US Stamps

British stamps highlight children's television

Dec 20, 2013, 3 AM

Great Britain’s Royal Mail will issue 12 self-adhesive stamps Jan. 7 honoring classic children’s television.

This is Royal Mail’s second set of stamps devoted to children’s television. The first was released Sept. 3, 1996, in conjunction with the 50th anniversary of Muffin the Mule (Scott 1698-1702).

The oldest television series represented on the upcoming Classic Children’s TV stamps is Andy Pandy. It debuted in 1950 as part of the For the Children program, later called Watch with Mother. The newest series, Shaun the Sheep, debuted in 2009. All of the decades in between also are represented.

The 12 stamps are nondenominated. The “1st” inscription on each stamp indicates that it pays the first-class rate, currently 60 pence.

The stamps also are cut to shape around the television characters they portray.

Starting chronologically, the first stamp shows Andy Pandy, a marionette, and his friend Teddy, a teddy bear, in the picnic basket that also is their home. This is the only stamp in the set shown in black-and-white.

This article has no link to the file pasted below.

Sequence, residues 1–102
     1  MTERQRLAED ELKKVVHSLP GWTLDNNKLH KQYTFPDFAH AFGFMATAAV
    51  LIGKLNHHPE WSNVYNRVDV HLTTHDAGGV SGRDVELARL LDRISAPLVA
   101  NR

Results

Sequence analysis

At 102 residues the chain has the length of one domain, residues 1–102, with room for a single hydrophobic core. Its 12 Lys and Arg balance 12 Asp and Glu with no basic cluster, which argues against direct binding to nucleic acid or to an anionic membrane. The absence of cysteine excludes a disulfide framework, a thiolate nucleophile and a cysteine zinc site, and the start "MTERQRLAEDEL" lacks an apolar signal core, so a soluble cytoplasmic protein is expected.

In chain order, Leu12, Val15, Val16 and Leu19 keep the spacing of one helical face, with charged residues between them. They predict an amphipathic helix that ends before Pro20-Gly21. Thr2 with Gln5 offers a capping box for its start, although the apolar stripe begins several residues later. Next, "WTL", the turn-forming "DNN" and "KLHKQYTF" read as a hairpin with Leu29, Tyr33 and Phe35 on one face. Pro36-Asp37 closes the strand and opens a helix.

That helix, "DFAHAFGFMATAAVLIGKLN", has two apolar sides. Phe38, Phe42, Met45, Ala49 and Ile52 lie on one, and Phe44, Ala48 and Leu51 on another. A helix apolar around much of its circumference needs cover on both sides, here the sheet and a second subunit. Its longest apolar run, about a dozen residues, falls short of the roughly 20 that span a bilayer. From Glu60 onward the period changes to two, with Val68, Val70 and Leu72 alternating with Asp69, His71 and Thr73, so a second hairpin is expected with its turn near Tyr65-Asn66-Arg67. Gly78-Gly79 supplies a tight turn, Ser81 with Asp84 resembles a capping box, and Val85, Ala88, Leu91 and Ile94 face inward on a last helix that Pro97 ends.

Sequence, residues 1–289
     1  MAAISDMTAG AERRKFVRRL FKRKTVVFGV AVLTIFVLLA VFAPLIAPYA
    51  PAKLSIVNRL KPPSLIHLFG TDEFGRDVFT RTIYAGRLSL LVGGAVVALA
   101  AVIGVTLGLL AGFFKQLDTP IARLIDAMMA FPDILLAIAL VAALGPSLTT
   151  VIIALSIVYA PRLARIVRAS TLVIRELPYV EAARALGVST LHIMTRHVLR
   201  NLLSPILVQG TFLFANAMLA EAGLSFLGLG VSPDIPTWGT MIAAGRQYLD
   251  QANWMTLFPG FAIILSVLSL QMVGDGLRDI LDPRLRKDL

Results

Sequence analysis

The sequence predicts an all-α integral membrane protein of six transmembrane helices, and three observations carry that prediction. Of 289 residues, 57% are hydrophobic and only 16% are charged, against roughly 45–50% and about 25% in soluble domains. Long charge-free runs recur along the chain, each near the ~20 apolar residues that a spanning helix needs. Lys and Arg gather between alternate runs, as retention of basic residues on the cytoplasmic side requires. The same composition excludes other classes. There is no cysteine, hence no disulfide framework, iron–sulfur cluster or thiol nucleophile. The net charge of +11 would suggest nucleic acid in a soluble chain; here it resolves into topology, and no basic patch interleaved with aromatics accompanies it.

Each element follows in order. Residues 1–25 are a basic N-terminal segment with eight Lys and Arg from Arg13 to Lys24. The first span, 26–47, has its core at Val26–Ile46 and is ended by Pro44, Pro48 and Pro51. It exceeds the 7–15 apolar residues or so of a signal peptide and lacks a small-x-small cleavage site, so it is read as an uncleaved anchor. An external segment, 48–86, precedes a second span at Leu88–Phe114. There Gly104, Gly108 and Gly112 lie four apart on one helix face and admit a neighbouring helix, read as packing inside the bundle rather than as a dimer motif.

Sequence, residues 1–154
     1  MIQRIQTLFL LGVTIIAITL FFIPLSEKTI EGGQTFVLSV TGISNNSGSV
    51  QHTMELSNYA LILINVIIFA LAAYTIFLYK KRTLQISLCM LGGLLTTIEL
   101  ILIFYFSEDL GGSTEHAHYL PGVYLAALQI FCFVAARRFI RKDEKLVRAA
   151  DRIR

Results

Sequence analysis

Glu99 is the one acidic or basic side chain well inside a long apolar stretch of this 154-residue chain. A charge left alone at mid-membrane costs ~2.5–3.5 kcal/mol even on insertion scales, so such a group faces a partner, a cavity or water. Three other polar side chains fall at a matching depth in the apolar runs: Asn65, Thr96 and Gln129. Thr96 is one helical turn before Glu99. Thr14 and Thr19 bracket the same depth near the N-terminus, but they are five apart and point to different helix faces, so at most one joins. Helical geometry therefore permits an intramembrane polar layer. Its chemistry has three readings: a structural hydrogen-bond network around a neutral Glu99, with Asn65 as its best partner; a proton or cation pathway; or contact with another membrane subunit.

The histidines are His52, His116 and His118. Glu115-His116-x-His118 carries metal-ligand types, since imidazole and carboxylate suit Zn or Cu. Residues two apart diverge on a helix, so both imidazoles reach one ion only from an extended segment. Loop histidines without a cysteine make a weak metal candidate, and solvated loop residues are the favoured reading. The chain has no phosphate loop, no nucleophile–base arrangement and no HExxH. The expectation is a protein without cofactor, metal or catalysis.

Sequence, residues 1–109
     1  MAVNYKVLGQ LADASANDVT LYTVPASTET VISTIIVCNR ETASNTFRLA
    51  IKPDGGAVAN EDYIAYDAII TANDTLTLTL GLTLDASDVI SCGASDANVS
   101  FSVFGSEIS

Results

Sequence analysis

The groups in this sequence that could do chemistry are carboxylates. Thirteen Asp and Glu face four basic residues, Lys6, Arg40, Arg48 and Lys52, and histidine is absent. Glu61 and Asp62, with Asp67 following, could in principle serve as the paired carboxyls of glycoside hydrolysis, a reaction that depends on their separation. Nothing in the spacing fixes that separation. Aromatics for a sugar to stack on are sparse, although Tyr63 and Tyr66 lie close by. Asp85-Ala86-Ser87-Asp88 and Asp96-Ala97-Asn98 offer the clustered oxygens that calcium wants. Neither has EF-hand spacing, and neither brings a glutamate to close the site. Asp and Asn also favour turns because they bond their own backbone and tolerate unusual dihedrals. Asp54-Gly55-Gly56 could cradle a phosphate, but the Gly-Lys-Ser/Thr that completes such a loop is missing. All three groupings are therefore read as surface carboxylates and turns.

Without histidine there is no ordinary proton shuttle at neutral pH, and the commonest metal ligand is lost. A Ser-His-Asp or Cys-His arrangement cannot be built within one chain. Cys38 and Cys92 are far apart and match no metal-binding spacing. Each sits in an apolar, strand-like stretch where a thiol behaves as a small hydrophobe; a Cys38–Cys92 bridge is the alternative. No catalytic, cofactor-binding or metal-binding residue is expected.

The next stamp features the animated series Ivor the Engine, which dates back to 1959. Ivor, a steam engine on a remote railway in the “top left-hand corner of Wales” is shown in green on the stamp. The engineer, Jones the Steam, is wearing a blue and white cap.

Ivor the Engine originally was created in black-and-white, but those episodes were lost until 2010 when they were discovered in a pig shed.

A Daily Mail story from 2010 said, “It is believed creator Oliver Postgate stashed the films on the farm of business partner Peter Firmin, in Blean, near Canterbury, Kent.”

The next stamp pictures the shaggy dog Dougal from The Magic Roundabout, which is celebrating its 50th anniversary this year. The show originated in France as Le Manege Enchante. Serge Danot created this stop-animation series. The prolific British animator Ivor Wood worked on this series, as well as on several of the other series featured on the stamps.

Royal Mail reports that The Magic Roundabout had an impact on the nation’s economy in the 1960s because adults left work early to watch the latest episode.